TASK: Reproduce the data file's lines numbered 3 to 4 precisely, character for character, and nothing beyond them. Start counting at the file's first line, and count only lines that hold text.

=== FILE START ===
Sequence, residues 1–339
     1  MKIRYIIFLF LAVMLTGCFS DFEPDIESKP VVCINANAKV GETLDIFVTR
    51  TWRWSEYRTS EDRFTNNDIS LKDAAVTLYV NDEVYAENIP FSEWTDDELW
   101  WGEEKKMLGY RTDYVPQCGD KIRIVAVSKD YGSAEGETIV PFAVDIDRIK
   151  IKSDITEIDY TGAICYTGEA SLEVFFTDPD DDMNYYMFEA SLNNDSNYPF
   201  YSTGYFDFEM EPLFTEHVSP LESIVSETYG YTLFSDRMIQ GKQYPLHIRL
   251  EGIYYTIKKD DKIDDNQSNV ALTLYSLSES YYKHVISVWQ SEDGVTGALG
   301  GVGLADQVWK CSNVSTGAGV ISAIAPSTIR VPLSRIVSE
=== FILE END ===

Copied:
    51  TWRWSEYRTS EDRFTNNDIS LKDAAVTLYV NDEVYAENIP FSEWTDDELW
   101  WGEEKKMLGY RTDYVPQCGD KIRIVAVSKD YGSAEGETIV PFAVDIDRIK